cartoon of confused personThe definition of a sellers’ market is pretty simple. When the number of potential buyers is 20% or more greater than the number of homes for sale, you have a sellers’ market. When this happens, it invites competition between buyers for every home that is for sale. Competition drives up prices and buyers can very easily let their enthusiasm push their offers above what the house is likely to appraise for putting them into a negative equity position right off the bat.

The issue is complicated because financial institutions usually only make conventional mortgage loans for 80%-97% of the appraised value of the home with the remainder being made up with your down payment.

However; if you have an accepted offer for a value greater than the appraised value, you will have to make up the difference by adding more money to your down payment. And, depending on how enthusiastic you got with your offer, this could amount to several thousand dollars more out of pocket.

This is where working with an experienced buyer’s agent/broker will pay off.

First you need to have your agent do a BPO (broker price opinion) which is a more sophisticated estimation of the potential appraised value than what an agent typically does. Not all agents or brokers know how to do a BPO so that should be part of your agent selection criteria.

Next you want your broker to do a special calculation called a sales to active listings ratio, which will characterize the intensity of the sellers’ market for the area you are looking at. As the ratio climbs above 20% the stronger the sellers’ market is and the more intense the competition is likely to be.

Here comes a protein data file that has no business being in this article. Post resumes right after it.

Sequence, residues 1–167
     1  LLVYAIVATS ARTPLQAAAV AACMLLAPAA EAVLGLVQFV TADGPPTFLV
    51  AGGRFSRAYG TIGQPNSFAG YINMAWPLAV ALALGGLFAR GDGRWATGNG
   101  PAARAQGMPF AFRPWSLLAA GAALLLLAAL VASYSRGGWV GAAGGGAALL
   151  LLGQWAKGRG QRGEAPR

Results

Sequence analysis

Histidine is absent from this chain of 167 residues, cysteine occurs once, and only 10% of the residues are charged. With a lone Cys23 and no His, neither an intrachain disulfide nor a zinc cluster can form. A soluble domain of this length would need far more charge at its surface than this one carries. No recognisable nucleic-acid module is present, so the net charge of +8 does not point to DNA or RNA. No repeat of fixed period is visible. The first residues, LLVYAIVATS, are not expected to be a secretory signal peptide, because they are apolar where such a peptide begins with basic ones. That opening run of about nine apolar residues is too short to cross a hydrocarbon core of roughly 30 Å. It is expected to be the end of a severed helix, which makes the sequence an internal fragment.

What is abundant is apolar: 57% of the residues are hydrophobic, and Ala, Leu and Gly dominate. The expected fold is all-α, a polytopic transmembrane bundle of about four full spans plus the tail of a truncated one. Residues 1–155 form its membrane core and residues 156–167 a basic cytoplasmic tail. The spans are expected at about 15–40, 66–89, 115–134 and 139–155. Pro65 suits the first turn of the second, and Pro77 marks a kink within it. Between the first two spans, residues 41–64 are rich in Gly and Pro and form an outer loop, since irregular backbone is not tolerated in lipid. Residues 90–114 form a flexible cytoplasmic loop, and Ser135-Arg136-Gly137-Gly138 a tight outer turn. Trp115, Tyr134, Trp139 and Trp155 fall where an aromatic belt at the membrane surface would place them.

Finally, you and your agent need to establish what your ceiling is going to be on any given house and how much potential for negative equity you are willing to tolerate. Buying a house in a seller’s market is likely to turn into a “bidding war” and you will be competing with other buyers who are making offers above the list price.

Here’s your edge:

Having a better estimate of the potential appraised value will let you make an offer that stays within your acceptable risk tolerance for potential negative equity. Crafting an offer with a carefully calculated escalator clause can make your offer stand out from the crowd. You may not win the bid, but at least you will have a very attractive bid while being less likely to buy a house that will require several years of appreciation just to break even.

Jon Nelson of Nelson & Associates Realtors is an experienced Buyer’s Agent who does BPOs and can give you a competitive advantage while helping you to control the negative equity risk in buying a home in a sellers’ market.